The Helsinki City Museum whisks visitors away on a time-travelling expedition one hundred years into the past. The Time Machine makes the photographs of famous Helsinki photographer Signe Brander come to life
with a little bit of help from new technology. Time travellers can also visit the courtyards and streets of 1960s, 1970s and 1980s Helsinki.
Most of us have probably wished we could sneak a peek into the past to see how people used to live. Now, you can do exactly that and step onboard our Time Machine that whisks you away to visit a very lively and authentic Helsinki of a hundred years past. The Time Machine makes use of a number of technologies, including projection, sound, animation and 3D virtual technologies. Put on the goggles and go!
When we carried out a survey and interviews to find out what point in time people would most like to travel back to, the early 20th century was the overwhelming favourite. Accordingly, we have chosen the early 1900s as our first ever Time Machine era. It was around that time that the Helsinki Board of Antiquities hired the photographer Signe Brander to capture images of the city that was in a state of great flux. The 907 glass negatives she shot between 1907 and 1913 form the basis of the Helsinki City Museum collection.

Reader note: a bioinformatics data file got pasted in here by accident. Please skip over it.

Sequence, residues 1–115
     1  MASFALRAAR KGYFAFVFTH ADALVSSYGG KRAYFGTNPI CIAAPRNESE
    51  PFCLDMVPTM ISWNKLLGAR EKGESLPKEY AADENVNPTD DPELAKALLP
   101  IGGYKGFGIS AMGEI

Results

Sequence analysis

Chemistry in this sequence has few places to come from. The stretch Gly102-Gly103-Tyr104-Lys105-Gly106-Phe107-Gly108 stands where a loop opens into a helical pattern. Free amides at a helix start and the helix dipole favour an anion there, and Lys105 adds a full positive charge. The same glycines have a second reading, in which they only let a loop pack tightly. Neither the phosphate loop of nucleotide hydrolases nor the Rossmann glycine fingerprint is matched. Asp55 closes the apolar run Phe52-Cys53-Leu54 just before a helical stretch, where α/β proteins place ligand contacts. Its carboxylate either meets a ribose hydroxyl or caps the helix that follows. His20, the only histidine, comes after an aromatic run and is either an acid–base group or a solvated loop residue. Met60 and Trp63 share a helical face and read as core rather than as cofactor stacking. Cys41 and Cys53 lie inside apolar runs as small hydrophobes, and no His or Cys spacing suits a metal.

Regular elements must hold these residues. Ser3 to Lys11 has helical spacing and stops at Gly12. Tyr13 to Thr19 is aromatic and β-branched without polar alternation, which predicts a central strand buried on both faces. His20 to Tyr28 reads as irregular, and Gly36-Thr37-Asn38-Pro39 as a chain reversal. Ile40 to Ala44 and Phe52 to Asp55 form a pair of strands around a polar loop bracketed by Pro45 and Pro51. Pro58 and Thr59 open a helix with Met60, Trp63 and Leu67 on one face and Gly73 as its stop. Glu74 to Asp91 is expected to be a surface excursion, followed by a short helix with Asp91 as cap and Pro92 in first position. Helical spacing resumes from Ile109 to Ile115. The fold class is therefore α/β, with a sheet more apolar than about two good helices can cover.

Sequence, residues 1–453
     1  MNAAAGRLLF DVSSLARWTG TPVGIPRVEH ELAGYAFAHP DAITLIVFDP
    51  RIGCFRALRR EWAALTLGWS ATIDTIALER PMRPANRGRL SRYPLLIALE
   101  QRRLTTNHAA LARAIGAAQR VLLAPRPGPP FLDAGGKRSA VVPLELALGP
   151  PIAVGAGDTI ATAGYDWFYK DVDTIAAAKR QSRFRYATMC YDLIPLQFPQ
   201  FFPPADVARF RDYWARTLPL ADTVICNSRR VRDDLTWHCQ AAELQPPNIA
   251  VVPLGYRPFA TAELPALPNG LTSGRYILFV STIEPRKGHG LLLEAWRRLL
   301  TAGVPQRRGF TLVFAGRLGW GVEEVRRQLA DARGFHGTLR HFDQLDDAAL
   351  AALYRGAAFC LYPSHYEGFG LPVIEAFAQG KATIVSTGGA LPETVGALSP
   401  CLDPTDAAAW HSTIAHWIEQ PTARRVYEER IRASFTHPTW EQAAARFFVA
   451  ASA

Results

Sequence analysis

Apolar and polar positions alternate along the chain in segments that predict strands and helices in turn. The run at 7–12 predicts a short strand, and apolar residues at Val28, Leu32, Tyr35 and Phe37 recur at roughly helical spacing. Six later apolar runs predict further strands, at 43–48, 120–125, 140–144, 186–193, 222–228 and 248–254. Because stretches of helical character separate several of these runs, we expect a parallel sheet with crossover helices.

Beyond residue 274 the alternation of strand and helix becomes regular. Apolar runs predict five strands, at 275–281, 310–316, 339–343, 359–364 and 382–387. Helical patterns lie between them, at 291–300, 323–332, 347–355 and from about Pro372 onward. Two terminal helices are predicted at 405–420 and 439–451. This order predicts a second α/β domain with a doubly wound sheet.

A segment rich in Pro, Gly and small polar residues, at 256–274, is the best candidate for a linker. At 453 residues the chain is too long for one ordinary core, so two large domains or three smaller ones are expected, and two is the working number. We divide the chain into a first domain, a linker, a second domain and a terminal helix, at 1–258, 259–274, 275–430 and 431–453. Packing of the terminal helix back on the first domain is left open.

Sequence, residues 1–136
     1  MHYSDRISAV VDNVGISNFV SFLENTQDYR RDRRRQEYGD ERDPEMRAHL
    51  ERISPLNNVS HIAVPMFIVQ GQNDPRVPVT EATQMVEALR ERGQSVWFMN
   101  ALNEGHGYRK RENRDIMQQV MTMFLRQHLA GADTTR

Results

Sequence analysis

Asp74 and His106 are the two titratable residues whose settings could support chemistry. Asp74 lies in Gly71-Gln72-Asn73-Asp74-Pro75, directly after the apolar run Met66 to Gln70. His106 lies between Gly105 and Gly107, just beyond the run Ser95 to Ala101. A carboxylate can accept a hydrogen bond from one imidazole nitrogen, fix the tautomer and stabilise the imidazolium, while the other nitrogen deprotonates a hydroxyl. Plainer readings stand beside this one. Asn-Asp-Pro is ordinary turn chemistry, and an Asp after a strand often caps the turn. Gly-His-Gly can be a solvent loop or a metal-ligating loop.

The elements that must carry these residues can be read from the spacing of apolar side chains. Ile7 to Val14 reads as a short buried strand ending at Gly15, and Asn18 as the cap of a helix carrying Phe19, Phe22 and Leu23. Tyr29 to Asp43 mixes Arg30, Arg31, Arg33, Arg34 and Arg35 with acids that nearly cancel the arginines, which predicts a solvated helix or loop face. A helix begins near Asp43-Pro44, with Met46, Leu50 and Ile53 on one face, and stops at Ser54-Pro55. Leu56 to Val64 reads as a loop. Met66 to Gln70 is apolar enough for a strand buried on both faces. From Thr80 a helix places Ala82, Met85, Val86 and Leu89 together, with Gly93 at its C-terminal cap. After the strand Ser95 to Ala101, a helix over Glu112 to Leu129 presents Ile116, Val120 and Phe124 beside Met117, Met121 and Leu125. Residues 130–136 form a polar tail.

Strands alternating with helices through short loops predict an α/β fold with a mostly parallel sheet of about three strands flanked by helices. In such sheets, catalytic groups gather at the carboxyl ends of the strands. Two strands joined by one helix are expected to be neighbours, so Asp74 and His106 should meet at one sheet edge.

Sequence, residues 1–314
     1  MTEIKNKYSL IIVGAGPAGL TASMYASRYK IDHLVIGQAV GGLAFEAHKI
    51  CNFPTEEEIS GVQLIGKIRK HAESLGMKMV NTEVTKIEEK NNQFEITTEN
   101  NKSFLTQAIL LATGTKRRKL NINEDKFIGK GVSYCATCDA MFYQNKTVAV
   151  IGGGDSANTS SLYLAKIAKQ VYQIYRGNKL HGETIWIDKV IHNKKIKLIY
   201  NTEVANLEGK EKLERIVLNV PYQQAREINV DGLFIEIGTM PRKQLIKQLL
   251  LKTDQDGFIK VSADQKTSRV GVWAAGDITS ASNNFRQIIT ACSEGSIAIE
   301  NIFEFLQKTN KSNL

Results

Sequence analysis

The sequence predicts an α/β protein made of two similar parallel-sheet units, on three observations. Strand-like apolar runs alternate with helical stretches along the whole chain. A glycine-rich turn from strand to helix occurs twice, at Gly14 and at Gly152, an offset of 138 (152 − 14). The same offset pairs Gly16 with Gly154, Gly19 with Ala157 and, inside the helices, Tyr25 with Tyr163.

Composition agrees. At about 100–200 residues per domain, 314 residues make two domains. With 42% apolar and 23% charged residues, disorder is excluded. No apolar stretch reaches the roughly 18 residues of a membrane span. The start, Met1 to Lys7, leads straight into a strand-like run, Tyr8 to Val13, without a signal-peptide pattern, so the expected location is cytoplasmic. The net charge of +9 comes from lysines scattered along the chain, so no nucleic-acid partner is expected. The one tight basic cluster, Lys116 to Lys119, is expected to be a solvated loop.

Brander turned her lens to record the wood-built Helsinki that by then was already giving way to new methods of housebuilding, the city’s glorious Jugend tenements as well as the everyday lives of ordinary people as she witnessed them on the city’s streets and in private. She photographed everyone – from the washerwomen with their scarved heads and the stylish upper class ladies to the workers, the coachmen, the police, the horses, and especially the children. In the Time Machine, Brander’s photos are given a brand new treatment that allows our visitors to step out on to Helsinki’s cobbled streets and mingle with the city’s residents of yesteryear.